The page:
How to Focus Your
College Application Essay!
I love all the comments students make about my posts. The most common ones ask about topics for the Common App or other core college application essays, including the University of California prompts. Students want to know what I think of their topic ideas.
I noticed the main problem with many of their ideas is that their topics are way to broad. WAY TOO BROAD! I think many ask my opinion because they suspect their topics are too general, but they don’t know how to focus them. And they are absolutely correct to worry about this. Essays about general topics are almost always dull and ineffective. (What good is an essay if no one wants to read it?)
I have written a lot about how to find topics that are not broad, and instead are engaging, meaningful and memorable. My best advice for students who worry that their topic is too broad would be to keep reading my blog posts! They all carry the same message—find a topic that is specific, zero in on real-life moments (anecdotes), brainstorm topics that are mundane (everyday) as opposed to impressive, pick one quality or characteristic to write about (as opposed to trying to cram in all the great things about yourself.) These are all ways to focus—or narrow down—your topics. read more…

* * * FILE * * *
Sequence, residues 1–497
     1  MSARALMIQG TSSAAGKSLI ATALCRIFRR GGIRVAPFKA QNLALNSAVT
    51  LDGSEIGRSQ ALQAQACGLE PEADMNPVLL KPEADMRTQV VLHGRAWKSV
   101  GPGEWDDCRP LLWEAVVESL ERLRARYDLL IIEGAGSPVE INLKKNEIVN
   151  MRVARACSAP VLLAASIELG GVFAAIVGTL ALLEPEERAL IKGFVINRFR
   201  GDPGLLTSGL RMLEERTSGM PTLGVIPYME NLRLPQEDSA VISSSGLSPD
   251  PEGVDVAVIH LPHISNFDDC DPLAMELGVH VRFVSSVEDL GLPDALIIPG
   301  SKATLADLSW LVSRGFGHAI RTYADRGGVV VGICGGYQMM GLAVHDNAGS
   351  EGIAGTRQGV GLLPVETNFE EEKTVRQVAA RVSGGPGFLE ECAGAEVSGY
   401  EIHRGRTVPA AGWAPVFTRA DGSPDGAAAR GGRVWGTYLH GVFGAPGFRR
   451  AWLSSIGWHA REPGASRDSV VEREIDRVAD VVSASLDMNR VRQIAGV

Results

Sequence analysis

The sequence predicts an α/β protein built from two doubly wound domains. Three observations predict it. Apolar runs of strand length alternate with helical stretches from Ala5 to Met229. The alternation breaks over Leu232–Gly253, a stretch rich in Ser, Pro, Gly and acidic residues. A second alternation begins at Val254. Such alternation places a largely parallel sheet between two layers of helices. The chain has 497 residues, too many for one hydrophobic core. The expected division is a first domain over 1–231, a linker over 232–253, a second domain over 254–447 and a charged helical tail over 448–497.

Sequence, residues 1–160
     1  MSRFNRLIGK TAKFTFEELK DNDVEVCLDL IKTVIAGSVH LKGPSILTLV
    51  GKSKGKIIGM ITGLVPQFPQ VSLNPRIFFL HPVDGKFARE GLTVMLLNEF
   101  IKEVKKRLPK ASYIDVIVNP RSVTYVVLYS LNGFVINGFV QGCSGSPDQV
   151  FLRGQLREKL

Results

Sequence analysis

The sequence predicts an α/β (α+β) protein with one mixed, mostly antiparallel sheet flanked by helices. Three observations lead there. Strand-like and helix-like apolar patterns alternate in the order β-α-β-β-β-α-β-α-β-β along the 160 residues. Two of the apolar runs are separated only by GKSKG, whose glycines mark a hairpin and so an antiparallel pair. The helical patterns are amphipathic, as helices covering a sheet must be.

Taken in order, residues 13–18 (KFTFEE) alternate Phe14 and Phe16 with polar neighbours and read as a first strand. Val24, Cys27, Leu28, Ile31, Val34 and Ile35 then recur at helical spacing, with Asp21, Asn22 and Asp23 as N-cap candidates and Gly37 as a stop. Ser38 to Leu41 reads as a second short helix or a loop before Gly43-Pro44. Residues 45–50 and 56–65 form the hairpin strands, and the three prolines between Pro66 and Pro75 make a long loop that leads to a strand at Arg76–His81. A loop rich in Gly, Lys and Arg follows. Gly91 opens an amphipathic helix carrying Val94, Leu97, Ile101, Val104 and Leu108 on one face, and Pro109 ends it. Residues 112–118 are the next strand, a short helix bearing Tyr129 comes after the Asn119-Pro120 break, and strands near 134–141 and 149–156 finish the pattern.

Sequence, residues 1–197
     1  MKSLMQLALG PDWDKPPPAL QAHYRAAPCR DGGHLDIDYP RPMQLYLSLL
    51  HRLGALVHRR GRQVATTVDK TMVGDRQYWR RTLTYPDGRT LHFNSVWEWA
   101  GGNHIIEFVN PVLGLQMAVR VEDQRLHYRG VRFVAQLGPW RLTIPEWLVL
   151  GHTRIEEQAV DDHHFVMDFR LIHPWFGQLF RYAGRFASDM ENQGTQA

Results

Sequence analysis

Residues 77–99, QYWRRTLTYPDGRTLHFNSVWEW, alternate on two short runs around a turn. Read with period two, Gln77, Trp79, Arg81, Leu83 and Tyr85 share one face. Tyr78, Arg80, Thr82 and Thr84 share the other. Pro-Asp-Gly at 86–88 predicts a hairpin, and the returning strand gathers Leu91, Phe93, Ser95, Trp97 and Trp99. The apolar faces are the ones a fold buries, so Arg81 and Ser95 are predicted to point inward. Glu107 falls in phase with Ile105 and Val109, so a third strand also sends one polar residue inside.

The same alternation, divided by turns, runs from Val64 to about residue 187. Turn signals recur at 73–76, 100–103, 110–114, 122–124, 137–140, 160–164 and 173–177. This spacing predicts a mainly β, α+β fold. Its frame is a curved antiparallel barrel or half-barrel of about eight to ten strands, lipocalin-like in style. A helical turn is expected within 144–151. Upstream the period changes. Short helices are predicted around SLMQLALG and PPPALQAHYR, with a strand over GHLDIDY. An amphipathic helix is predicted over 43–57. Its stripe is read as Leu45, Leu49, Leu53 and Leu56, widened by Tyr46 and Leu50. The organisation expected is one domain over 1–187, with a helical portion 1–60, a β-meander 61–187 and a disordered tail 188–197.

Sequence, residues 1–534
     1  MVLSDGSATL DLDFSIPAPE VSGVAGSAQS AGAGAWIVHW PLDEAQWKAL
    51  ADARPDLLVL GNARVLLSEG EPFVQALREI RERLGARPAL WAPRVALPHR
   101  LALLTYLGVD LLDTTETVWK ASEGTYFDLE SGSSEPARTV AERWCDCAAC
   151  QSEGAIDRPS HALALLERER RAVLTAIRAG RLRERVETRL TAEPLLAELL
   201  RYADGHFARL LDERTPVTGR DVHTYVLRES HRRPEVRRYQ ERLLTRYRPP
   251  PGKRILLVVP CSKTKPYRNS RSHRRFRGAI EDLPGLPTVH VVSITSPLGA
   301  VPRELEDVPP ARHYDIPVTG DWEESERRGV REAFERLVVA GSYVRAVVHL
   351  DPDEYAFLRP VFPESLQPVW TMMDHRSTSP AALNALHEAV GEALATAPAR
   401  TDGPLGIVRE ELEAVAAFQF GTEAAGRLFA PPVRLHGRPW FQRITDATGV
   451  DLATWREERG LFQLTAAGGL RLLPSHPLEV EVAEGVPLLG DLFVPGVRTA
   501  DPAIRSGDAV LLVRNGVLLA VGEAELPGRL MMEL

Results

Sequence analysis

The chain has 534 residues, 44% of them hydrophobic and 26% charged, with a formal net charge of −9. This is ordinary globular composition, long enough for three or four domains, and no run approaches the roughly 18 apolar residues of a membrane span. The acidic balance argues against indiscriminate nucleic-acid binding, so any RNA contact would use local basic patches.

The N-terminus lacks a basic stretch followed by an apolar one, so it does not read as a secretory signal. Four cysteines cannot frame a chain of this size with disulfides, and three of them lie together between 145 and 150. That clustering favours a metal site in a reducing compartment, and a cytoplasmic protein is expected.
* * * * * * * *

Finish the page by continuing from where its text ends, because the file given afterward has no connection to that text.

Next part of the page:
If you’ve been looking for help with your college application essay, I assume you have discovered the mountains of information (some helpful; a lot no so much) out there on the Web. One of my favorite resources for students is The Prospect, which is an organization centered on college admissions and high school/college life.
The main reason I love The Prospect so much is that it is all about helping students survive high school and get into the college of their dreams–but it’s also run by students like you! Their talented staff offered to share some of their best essay-writing tips here on Essay Hell. I think you will find their foodie-approach fun, inspiring and useful! read more…
If you are a Letterman fan, you know that I am supposed to list these college application essay tips backwards, and end with No. 1. But I prefer chronological order. You can watch the YouTube video, where he has the young man, Kwasi Enin, who was accepted to all eight ivies this year, count them down on his show. Some media have tried to pin Kwasi’s success on his essay—but that is pure conjecture (Kwasi is amazing on many levels). Anyway, if you are college bound, you might get a kick out of watching the whole thing.